Nearly Forgot My Broken Heart (Chris Cornell)

The most recent song on this list, 2015's 'Nearly Forgot My Broken Heart' takes more an accessible, stripped back approach to songwriting and is a direct contrast to the earthshaking riffs of Cornell's early career but his individuality shines through even here. Even at 50, his voice remains faultless as he belts through his lyrics. The song peaked at number 5 on the Billboard Rock Charts, the first of his to do so since 2007.

Spoonman (Soundgarden)

Arguably the song that launched Soundgarden into mainstream success in 1994, 'Spoonman' was originally written for the cult-classic film Singles. The track pays homage to a street musician called Artis The Spoon Man who frequented the streets of Seattle and Cornell's lyrics tackle the public's judgement of street musicians. Odd indeed.

Odder still is the inclusion of a spoons solo in the middle of the track and drummer Matt Cameron playing pots and pans as percussion instruments. A benchmark of their career, 'Spoonman' lifted Soundgarden from the veil of obscurity.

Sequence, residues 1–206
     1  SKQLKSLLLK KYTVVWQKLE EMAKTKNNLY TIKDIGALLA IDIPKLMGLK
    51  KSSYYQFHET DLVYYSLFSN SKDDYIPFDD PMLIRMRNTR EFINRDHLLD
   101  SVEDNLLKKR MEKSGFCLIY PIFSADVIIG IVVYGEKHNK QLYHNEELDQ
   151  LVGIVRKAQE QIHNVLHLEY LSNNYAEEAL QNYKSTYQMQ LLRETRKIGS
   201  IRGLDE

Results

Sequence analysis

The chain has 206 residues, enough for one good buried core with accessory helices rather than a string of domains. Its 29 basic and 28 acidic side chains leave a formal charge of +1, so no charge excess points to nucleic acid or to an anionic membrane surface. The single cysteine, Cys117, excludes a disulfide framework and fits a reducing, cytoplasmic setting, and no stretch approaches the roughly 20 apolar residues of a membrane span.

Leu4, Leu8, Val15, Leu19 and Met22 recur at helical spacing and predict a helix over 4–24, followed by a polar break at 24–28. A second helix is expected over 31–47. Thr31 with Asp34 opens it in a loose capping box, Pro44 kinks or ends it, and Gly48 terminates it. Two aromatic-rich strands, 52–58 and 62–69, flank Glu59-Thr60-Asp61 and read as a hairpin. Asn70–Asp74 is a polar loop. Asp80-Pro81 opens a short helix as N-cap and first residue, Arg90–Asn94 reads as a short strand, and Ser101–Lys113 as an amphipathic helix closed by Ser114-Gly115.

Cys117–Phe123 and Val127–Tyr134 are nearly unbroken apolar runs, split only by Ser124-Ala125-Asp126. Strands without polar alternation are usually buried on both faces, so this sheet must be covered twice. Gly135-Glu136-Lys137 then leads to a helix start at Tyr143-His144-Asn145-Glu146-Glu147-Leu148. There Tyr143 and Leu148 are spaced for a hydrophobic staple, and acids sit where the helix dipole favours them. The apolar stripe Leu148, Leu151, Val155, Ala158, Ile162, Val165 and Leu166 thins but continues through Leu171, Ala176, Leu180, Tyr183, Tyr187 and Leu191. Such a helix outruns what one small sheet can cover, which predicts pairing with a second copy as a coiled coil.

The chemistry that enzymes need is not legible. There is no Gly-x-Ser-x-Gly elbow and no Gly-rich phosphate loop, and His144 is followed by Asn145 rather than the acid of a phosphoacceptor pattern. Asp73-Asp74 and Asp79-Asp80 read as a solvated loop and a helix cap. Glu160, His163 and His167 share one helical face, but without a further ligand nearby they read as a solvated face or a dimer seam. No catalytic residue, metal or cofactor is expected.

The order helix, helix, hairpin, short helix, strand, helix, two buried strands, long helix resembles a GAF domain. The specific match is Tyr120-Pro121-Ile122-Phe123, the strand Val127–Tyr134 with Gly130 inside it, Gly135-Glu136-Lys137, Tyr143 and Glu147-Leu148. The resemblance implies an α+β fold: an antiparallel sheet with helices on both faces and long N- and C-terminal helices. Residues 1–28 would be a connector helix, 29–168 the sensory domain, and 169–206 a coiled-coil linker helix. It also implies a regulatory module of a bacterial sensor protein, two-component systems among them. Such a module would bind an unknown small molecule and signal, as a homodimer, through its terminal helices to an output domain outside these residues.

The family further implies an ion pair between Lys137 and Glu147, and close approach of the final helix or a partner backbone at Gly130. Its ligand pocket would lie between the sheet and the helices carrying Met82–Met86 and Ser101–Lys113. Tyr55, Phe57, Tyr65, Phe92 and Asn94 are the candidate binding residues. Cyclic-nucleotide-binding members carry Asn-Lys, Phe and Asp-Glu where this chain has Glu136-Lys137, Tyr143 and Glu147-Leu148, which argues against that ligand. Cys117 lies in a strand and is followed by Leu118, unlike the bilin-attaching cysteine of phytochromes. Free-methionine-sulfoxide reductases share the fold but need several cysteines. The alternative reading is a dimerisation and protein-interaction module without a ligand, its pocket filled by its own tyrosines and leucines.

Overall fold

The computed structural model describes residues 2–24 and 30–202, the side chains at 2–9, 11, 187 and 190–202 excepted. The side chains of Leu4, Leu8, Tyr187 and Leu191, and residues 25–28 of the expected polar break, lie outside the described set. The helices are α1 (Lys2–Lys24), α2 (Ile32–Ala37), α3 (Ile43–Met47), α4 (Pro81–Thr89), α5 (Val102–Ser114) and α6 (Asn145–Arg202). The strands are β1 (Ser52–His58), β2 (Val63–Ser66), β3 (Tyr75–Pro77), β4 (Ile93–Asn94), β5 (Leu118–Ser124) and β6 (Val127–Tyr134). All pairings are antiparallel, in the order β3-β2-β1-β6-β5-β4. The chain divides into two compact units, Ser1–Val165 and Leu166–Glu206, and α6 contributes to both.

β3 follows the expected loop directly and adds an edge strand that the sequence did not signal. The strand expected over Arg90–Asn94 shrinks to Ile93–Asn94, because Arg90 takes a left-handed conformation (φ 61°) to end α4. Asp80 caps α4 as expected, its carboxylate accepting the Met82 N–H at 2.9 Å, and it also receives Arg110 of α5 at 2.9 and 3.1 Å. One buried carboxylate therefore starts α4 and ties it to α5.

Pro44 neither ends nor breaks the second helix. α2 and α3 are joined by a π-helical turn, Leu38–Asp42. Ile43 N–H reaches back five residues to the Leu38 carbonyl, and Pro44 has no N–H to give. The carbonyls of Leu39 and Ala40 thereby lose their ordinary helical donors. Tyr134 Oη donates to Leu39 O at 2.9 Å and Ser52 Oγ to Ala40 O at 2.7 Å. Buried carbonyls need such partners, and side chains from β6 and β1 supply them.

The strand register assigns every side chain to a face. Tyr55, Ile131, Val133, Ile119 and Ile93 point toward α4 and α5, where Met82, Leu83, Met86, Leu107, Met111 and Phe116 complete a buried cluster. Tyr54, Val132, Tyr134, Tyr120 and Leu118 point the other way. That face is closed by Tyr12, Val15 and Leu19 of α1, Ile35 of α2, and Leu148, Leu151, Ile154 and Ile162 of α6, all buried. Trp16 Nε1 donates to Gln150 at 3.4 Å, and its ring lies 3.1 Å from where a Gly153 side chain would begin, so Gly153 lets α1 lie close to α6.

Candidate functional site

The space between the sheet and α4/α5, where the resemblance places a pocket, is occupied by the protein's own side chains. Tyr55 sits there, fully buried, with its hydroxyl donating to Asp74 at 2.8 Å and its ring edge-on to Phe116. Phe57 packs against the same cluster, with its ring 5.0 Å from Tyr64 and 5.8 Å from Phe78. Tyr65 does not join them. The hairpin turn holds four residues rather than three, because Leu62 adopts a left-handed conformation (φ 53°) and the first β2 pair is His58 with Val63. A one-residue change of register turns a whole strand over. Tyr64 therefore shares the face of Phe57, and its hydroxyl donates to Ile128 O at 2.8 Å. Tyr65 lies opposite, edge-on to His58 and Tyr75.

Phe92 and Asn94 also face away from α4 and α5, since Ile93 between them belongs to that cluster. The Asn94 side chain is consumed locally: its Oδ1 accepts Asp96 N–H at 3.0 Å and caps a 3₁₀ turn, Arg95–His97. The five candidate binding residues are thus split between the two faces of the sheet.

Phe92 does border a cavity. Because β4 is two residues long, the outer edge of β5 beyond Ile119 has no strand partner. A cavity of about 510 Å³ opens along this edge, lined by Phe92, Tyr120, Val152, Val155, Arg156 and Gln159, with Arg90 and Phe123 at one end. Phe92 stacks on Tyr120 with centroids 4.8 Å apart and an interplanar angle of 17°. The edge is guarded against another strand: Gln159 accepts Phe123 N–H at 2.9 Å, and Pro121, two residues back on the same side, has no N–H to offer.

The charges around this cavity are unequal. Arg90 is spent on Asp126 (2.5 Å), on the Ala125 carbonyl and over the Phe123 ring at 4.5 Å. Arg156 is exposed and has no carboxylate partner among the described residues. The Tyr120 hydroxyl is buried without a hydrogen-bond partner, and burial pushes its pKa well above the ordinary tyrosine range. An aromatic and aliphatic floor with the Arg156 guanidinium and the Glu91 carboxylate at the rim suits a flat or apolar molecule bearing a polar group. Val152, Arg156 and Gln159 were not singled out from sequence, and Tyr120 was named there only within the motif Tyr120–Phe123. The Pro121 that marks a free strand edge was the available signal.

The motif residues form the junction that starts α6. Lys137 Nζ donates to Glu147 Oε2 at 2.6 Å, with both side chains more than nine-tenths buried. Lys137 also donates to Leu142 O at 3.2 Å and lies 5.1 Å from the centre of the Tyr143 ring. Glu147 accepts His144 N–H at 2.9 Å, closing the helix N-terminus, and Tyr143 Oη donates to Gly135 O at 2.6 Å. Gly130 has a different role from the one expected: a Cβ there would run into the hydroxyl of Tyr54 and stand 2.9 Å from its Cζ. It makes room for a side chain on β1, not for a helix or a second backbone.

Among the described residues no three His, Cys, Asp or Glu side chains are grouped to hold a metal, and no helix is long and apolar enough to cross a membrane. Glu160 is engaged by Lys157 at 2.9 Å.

Cochise (Audioslave)

Ending this list with the send off Cornell deserves, the heaviest of riffs, the monster of all vocal performances, Audioslave's second single 'Cochise everything. The title refers to an Apache Indian chief who 'attacked everything in his path with unbridled fury' which is the perfect way to describe this fist-pumping rock track, and indeed Chris Cornell's entire career.